You will become indispensable when you’ve integrated these action-oriented habits and attitudes into your life. If you’re ready to accelerate your rise to excellence so you become indispensable, respected and trusted, please feel free to contact me and schedule an “Unlocking Your Potential” 30-minute complimentary consultation (in-person, by phone or via Skype). I’d love to partner with you on this journey.
When you were in school, did you enjoy homework? I remember the collective groan that used to echo throughout the classroom. Yet, it really is an effective way for students to grow personally and academically.
As I reflect on those years, I’m grateful now. Not only did homework help me remember the lesson, it accelerated my personal growth for it taught me to 1) be disciplined, 2) make priorities, and 3) learn how to learn. Today, I regularly use homework in my coaching practice and I’ve seen that my clients who follow-up and do it dramatically accelerate their personal growth.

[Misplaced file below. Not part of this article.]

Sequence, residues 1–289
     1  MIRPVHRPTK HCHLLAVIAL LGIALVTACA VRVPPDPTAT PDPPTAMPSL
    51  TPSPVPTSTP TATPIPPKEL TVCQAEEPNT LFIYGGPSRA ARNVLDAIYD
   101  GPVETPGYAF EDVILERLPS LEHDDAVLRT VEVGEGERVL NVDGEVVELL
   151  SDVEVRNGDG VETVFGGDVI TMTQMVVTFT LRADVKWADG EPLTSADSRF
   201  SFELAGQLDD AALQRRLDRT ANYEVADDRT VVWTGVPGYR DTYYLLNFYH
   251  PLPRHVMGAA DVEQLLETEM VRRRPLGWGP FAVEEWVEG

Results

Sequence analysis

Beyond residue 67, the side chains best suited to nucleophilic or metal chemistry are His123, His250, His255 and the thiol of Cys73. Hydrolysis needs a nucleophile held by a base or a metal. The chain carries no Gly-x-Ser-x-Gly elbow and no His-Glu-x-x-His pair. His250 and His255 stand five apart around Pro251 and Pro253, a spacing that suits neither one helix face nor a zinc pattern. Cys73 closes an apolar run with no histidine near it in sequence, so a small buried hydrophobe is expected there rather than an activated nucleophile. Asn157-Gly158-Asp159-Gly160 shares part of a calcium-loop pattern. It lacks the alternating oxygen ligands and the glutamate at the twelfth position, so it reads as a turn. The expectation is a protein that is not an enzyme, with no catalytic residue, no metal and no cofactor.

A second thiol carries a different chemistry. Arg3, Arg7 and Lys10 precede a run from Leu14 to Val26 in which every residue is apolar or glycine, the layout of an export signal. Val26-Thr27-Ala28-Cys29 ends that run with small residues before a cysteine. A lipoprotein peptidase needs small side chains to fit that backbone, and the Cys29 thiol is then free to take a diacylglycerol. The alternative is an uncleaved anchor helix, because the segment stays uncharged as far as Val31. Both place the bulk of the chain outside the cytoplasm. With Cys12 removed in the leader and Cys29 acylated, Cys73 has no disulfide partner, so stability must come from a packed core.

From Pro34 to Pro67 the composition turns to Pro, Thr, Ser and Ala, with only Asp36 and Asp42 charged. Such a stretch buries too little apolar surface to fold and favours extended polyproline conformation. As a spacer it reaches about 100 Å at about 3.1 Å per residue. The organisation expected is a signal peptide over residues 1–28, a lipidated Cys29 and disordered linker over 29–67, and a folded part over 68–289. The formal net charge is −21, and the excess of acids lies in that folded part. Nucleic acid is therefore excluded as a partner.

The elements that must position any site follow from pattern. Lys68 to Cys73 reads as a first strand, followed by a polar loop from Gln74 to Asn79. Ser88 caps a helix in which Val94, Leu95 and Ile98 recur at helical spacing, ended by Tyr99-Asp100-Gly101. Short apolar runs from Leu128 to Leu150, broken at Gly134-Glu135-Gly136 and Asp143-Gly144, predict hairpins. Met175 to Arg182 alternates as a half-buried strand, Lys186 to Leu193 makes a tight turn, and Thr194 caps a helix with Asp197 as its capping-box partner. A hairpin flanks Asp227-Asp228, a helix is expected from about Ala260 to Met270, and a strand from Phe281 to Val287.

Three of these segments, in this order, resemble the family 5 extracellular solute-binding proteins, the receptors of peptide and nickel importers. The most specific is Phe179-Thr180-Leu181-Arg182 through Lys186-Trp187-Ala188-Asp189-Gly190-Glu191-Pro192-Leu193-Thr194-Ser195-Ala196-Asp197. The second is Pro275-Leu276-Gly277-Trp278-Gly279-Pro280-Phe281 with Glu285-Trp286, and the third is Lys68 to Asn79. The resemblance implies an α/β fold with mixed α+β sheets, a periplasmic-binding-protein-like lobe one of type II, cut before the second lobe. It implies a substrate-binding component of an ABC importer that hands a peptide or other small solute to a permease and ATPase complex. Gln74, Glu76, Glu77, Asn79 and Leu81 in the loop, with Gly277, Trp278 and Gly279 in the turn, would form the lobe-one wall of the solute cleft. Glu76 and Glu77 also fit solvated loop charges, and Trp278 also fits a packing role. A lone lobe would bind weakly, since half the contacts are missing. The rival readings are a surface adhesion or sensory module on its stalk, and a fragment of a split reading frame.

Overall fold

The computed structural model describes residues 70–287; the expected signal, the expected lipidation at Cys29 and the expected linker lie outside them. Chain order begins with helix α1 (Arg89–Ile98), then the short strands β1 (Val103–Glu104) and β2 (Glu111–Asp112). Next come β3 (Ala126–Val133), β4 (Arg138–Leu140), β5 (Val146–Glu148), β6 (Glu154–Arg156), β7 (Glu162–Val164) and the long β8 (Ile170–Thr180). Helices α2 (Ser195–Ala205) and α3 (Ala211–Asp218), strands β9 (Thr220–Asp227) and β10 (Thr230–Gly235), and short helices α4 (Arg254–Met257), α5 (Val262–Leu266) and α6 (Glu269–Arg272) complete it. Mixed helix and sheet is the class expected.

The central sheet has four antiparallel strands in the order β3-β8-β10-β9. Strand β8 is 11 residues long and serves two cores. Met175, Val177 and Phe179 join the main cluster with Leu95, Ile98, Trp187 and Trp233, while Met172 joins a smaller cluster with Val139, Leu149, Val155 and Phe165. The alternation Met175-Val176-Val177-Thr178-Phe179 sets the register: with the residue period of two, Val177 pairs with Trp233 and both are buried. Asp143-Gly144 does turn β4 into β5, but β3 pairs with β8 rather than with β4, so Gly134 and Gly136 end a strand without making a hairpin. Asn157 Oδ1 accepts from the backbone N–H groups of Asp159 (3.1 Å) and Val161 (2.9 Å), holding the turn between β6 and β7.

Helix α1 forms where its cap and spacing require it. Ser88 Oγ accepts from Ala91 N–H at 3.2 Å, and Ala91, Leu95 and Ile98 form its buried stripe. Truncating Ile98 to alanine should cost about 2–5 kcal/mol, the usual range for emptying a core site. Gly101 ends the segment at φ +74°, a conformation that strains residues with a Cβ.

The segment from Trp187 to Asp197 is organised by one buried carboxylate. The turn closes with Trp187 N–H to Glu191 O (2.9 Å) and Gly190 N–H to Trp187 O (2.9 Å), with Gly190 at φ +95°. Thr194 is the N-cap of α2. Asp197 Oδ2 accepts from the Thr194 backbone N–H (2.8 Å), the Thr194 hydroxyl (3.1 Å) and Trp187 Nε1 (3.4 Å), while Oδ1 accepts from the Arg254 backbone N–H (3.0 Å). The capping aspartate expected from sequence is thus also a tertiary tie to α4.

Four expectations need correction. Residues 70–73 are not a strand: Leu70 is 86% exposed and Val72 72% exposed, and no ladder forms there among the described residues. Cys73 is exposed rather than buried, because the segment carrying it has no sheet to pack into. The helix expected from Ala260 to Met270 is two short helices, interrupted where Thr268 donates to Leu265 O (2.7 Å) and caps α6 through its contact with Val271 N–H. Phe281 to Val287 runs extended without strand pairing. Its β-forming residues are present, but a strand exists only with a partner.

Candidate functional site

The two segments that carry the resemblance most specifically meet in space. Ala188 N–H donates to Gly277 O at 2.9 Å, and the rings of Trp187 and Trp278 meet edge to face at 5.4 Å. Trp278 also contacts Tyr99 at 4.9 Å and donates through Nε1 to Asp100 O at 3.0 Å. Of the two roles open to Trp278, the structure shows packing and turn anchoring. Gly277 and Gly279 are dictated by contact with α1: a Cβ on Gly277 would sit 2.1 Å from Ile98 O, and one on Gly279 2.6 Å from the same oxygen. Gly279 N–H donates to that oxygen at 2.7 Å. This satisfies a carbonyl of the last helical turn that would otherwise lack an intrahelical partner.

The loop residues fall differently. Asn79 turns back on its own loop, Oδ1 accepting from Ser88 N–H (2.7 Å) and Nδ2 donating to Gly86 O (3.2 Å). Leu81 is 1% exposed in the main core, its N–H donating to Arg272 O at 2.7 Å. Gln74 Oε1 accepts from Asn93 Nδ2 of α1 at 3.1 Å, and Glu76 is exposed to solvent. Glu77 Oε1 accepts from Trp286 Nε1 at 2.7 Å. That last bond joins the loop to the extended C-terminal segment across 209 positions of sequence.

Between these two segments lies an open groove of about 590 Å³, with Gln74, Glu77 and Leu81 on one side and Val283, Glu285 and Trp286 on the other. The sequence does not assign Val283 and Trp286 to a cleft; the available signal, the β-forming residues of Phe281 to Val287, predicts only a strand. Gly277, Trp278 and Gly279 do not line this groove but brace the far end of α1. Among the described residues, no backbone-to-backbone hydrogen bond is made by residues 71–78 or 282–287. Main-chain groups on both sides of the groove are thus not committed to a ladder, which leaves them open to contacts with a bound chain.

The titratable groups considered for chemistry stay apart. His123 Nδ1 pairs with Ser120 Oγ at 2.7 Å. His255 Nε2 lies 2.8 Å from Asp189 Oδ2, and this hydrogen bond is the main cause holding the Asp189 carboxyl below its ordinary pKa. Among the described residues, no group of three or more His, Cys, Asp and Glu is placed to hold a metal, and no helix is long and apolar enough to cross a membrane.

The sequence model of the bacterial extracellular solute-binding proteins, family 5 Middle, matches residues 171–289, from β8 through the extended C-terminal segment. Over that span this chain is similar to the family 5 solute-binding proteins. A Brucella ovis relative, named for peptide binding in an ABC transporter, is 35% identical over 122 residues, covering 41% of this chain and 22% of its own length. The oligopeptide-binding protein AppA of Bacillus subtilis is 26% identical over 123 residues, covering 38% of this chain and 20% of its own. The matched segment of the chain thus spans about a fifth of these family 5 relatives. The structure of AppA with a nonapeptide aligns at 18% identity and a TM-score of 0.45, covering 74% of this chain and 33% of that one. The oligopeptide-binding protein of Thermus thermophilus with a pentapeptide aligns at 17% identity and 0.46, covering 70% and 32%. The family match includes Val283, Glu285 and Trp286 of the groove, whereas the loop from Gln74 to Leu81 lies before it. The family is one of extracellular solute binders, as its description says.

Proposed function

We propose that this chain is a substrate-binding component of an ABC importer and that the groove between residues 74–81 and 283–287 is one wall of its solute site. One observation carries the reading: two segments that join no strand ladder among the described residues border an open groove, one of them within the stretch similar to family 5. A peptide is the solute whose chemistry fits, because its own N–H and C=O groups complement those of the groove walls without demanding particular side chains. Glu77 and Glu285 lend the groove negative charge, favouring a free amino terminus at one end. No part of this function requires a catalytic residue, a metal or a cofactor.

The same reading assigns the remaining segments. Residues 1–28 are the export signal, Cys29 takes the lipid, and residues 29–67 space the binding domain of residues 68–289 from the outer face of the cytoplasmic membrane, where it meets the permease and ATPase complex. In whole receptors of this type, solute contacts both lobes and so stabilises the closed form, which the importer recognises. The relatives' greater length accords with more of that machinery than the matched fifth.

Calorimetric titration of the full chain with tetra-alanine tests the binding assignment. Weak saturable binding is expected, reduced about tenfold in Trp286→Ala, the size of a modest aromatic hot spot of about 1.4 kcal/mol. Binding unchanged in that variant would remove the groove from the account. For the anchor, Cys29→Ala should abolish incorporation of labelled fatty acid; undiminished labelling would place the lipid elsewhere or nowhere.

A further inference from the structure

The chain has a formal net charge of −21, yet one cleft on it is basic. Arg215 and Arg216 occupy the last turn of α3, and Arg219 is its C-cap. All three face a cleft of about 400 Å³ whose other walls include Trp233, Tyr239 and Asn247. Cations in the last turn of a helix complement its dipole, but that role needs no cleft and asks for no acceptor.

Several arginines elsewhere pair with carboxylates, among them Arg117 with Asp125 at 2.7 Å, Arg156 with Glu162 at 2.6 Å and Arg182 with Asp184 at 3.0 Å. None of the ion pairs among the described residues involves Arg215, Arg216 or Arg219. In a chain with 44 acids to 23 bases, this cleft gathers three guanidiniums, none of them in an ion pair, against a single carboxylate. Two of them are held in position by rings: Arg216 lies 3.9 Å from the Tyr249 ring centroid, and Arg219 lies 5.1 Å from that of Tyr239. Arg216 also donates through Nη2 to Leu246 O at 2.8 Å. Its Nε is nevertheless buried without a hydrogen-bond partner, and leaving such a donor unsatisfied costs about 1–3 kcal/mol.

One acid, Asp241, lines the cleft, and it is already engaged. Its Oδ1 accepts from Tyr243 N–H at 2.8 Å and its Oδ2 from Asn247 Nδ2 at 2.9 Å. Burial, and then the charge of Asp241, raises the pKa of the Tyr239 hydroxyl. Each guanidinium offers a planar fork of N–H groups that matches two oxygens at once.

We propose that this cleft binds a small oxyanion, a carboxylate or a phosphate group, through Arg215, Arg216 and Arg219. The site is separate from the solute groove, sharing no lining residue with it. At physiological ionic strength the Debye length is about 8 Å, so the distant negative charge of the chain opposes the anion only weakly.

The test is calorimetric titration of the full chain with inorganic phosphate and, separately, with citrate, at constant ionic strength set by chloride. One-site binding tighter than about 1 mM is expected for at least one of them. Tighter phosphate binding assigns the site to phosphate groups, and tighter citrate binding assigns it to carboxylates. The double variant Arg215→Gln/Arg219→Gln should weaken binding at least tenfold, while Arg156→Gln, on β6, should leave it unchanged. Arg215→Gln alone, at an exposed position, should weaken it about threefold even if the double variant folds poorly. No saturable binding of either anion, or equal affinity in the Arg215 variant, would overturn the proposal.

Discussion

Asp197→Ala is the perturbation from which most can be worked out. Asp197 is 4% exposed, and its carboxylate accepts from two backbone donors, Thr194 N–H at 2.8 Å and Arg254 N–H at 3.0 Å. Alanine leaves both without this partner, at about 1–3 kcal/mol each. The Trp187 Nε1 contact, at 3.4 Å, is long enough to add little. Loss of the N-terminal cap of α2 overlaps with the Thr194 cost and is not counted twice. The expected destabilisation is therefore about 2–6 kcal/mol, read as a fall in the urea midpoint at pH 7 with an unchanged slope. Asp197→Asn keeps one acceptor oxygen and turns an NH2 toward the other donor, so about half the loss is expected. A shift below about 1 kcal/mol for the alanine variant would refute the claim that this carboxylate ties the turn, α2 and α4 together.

Not convinced? Check out these seven reasons for doing your coaching homework and see if they don’t rev up your personal growth…
- Remain focused.
We all know the benefits of putting notes where we see them constantly. In that way, we won’t forget the task or goals we need to accomplish. It keeps us from being distracted. Coaching homework gives us something to focus on in between sessions. Working on your personal growth every day is key to becoming the person you desire to be.
- Reflect deeply.
When you delve deeper into a topic you covered in session, you often need quiet and solitude to mindfully reflect on it. When your coach gives you homework, think of it as a map to your personal growth as it helps you explore the pattern of your actions, thoughts and feelings.
- Retain through repetition.
Our brains benefit from repetitive patterns. Your personal growth depends on remembering new things. Routines, checklists, and templates save you time and ensure you retain what you’re learning.
- Reasonable expectations.
You can’t expect overnight transformation. It takes daily baby steps, rather than giant leaps once a week. Coaching homework makes big challenges seem not so intimidating. It lets you know that you’re not the only one with this issue and it reassures you that there’s a process that works.